We started clearing the land immediately, and within a year, had a horse, plow, disk, drag, and drill. We also had some cattle and chickens. When there was a very little work to do on the farm, my husband traveled to Minnesota and eastern North Dakota to peddle.

In 1903, my son, Charles, was born. He was the first Syrian child born in western North Dakota. We were the first Syrians to homestead in this community, but soon many people from that country came to settle here.

Our home has always been a gathering place for the Syrian folk. Not many parties or celebrations were held, except for occasions like a wedding or such. Before we built our church [mosque], we held services at the different homes. We have a month of fasting, after which everyone visits the home of another, and there [is] a lot of feasting.

I am pretty old now, and am confined to this wheelchair because of my leg which was amputated two years ago. I miss my work, both indoor and outdoor, but still enjoy life.

We were always able to make a very good living by farming and raising livestock, until the death of my husband in February of 1918. My son then took over the management of the farm, and I have lived with his family since. The depression has made living hard, but I don't worry.

Charles went to school in Ross [town in North Dakota] until my husband died, and was not able to even complete the eighth grade.

We always speak in our native tongue at home, except my grandchildren, who won't speak Syrian to their parents. They do speak in Syrian to me because I cannot speak [or] understand English. My grandchildren range from fourteen months of age to eight years, and there are four of them. . . .

I can't read at all, neither in English nor Syrian. My son and daughter-in-law tell me the news they think might interest me.

We don't have any recreation; we only work. Sometimes friends stop in to talk for a while, and then we attend services every Friday too, but that is all. I sew a little occasionally, and like to hold the baby.

Our farm home is a low three-room house, with furnishings that are old and worn as a result of hard times and rough usage by children. The outside of the house has never been painted. Within, it is clean but shabby-looking. The barn is quite large[,] with a hip roof, and is painted red.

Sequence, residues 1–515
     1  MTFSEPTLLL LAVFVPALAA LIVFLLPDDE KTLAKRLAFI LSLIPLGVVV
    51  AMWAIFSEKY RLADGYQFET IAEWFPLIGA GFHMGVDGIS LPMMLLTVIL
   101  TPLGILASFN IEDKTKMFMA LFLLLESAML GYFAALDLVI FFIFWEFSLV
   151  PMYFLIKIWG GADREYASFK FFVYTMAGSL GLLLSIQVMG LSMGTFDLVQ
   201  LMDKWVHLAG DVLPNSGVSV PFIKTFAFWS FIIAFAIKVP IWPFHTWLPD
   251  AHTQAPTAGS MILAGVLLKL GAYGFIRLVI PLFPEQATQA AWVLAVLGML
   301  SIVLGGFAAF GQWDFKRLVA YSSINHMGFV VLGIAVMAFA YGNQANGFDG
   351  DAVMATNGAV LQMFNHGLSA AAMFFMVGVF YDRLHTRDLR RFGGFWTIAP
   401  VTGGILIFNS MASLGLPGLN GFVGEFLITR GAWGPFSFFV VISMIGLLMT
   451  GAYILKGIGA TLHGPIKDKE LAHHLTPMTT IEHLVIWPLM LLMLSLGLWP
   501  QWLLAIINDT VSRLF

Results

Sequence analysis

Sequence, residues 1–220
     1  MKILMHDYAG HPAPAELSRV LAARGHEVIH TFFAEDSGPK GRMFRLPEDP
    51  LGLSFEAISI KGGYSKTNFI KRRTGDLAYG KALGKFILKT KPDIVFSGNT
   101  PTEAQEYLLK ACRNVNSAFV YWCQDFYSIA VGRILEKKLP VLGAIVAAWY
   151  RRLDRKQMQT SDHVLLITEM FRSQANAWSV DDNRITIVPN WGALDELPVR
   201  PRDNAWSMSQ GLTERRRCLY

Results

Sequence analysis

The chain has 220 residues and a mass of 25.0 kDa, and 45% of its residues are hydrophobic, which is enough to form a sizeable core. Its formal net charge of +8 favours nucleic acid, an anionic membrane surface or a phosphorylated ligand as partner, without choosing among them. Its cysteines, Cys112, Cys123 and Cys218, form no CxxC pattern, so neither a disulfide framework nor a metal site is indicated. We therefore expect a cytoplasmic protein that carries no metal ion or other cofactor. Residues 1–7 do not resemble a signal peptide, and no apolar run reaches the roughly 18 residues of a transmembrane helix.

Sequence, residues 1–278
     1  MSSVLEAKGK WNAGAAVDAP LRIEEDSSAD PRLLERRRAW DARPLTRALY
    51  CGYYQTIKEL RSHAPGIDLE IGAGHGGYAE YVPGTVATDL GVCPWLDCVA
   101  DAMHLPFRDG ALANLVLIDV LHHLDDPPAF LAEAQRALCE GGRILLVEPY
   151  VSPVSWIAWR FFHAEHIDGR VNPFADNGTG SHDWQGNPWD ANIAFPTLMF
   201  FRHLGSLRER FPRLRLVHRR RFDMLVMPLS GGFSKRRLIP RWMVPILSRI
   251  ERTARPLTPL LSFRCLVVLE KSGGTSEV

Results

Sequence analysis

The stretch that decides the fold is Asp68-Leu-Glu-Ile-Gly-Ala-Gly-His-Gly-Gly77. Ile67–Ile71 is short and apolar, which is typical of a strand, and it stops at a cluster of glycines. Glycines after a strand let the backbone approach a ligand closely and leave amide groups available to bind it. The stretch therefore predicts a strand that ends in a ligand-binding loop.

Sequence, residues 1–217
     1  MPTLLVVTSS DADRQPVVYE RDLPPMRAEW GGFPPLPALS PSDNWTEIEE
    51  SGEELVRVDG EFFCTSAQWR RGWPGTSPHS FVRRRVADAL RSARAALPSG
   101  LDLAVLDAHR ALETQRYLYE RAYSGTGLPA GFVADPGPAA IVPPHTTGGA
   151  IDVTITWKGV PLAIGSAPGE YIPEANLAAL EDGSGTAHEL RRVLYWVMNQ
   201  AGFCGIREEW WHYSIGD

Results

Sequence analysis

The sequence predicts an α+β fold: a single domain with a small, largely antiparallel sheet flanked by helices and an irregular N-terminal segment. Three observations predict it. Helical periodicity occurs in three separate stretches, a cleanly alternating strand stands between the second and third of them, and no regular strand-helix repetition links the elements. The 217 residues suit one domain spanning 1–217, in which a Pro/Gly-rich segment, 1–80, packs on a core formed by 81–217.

The thing that sets this farm apart as a Syrian-American home is that all the buildings are located close to the house, and all the chickens and sheep come close, even to the doorstep of the house….

There is too great a comparison to say much about America and my native land. This country has everything, and we have freedom. When we pay taxes, we get schools, roads, and an efficiency in the government. In the Old Country, we paid taxes and Turkey took all the money, [with] Syria receiving nothing in return. We were repaid by having Turkey force our boys to join her army. The climate in the Old Country was wonderful, but we [Americans] have such a climate down south.

If I had my life to live over, I would come to America sooner than I did. I would have liked to visit the people in Syria five or ten years ago, but now that I am helpless, I wouldn’t care to go. I don’t ever want to go back there to live.


Edward E. Curtis IV (Ed.). The Columbia Sourcebook of Muslims in the United States New York, NY: Columbia University Press, 2008 (pp. 30–33).  Image: “The first Mosque near Ross ND from Playford Thorson, Plains Folk: North Dakota's Ethnic History, ND Institute for Regional Studies 1988, p. 360,” retrieved from Dick Bernard (September 5, 2010), “A Close Encounter With a Mosque,” at Thoughts Towards a Better World,

How to Cite This Page

"Muslim Journeys | Item #85: WPA Interview with Mary Juma, 19th Century Syrian Immigrant in North Dakota", May 18, 2024